The notification is delivered when the app is running in the foreground. The app calls the application:didReceiveRemoteNotification:fetchCompletionHandler: or application:didReceiveLocalNotification: method of the app delegate. (If application:didReceiveRemoteNotification:fetchCompletionHandler: isn’t implemented, the system calls application:didReceiveRemoteNotification:.) In OS X, the system calls application:didReceiveRemoteNotification:.

An app can use the passed-in remote-notification payload or, in iOS, the UILocalNotification object to help set the context for processing the item related to the notification. Ideally, the delegate does the following on each platform to handle the delivery of remote and local notifications in all situations:

The delegate for an iOS app in Listing 2-11 implements the application:didFinishLaunchingWithOptions: method to handle a local notification. It gets the associated UILocalNotification object from the launch-options dictionary using the UIApplicationLaunchOptionsLocalNotificationKey key. From the UILocalNotification object’s userInfo dictionary, it accesses the to-do item that is the reason for the notification and uses it to set the app’s initial context. As shown in this example, you might appropriately reset the badge number on the app icon—or remove it if there are no outstanding items—as part of handling the notification.

Listing 2-11  Handling a local notification when an app is launched

- (BOOL)application:(UIApplication *)app didFinishLaunchingWithOptions:(NSDictionary *)launchOptions {
    UILocalNotification *localNotif =
        [launchOptions objectForKey:UIApplicationLaunchOptionsLocalNotificationKey];
    if (localNotif) {
        NSString *itemName = [localNotif.userInfo objectForKey:ToDoItemKey];
        [viewController displayItem:itemName];  // custom method
        app.applicationIconBadgeNumber = localNotif.applicationIconBadgeNumber-1;
    }
    [window addSubview:viewController.view];
    [window makeKeyAndVisible];
    return YES;
}

The implementation for a remote notification would be similar, except that you would use a specially declared constant in each platform as a key to access the notification payload:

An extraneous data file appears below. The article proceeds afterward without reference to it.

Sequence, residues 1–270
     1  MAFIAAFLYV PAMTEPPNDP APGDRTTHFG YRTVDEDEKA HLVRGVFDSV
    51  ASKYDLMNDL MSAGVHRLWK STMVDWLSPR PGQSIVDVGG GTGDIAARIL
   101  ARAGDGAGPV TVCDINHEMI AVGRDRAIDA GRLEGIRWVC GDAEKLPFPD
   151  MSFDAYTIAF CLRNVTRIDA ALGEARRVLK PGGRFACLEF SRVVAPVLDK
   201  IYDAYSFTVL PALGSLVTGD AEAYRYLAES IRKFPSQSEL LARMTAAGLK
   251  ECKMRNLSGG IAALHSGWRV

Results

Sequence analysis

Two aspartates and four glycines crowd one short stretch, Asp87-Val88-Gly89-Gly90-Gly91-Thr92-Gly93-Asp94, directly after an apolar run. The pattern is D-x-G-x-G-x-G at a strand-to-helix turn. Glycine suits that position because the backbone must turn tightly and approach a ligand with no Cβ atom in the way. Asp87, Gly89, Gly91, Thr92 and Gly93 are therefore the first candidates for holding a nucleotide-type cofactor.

The payload itself is an NSDictionary object that contains the elements of the notification—alert message, badge number, sound, and so on. It can also contain custom data the app can use to provide context when setting up the initial user interface. See The Remote Notification Payload for details about the remote-notification payload.

When handling remote notifications in your notification handling methods, the app delegate might perform a major additional task. Just after the app launches, the delegate should connect with its provider and fetch the waiting data.

The code in Listing 2-12 shows an implementation of the application:didReceiveLocalNotification: method which is called when app is running in the foreground. Here the app delegate does the same work as it does in Listing 2-11. It can access the UILocalNotification object directly this time because this object is an argument of the method.

Listing 2-12  Handling a local notification when an app is already running

- (void)application:(UIApplication *)app didReceiveLocalNotification:(UILocalNotification *)notif {
    NSString *itemName = [notif.userInfo objectForKey:ToDoItemKey];
    [viewController displayItem:itemName];  // custom method
    app.applicationIconBadgeNumber = notification.applicationIconBadgeNumber - 1;
}

If you want your app to catch remote notifications that the system delivers while it is running in the foreground, the app delegate must implement the application:didReceiveRemoteNotification:fetchCompletionHandler: method. The delegate should begin the procedure for downloading the waiting data, message, or other item and, after this concludes, it should remove the badge from the app icon. The dictionary passed in the second parameter of this method is the notification payload; you should not use any custom properties it contains to alter your app’s current context.

Scheduling Location-Based Local Notifications

In iOS 8 and later, you can create location-based local notifications, which are delivered when the user arrives at a particular geographic location. A UILocalNotification object can now be configured with a Core Location region object. When the user comes enters or exits the specified region, iOS delivers the notification. You can configure notifications to be delivered once or delivered every time the user crosses the region boundary.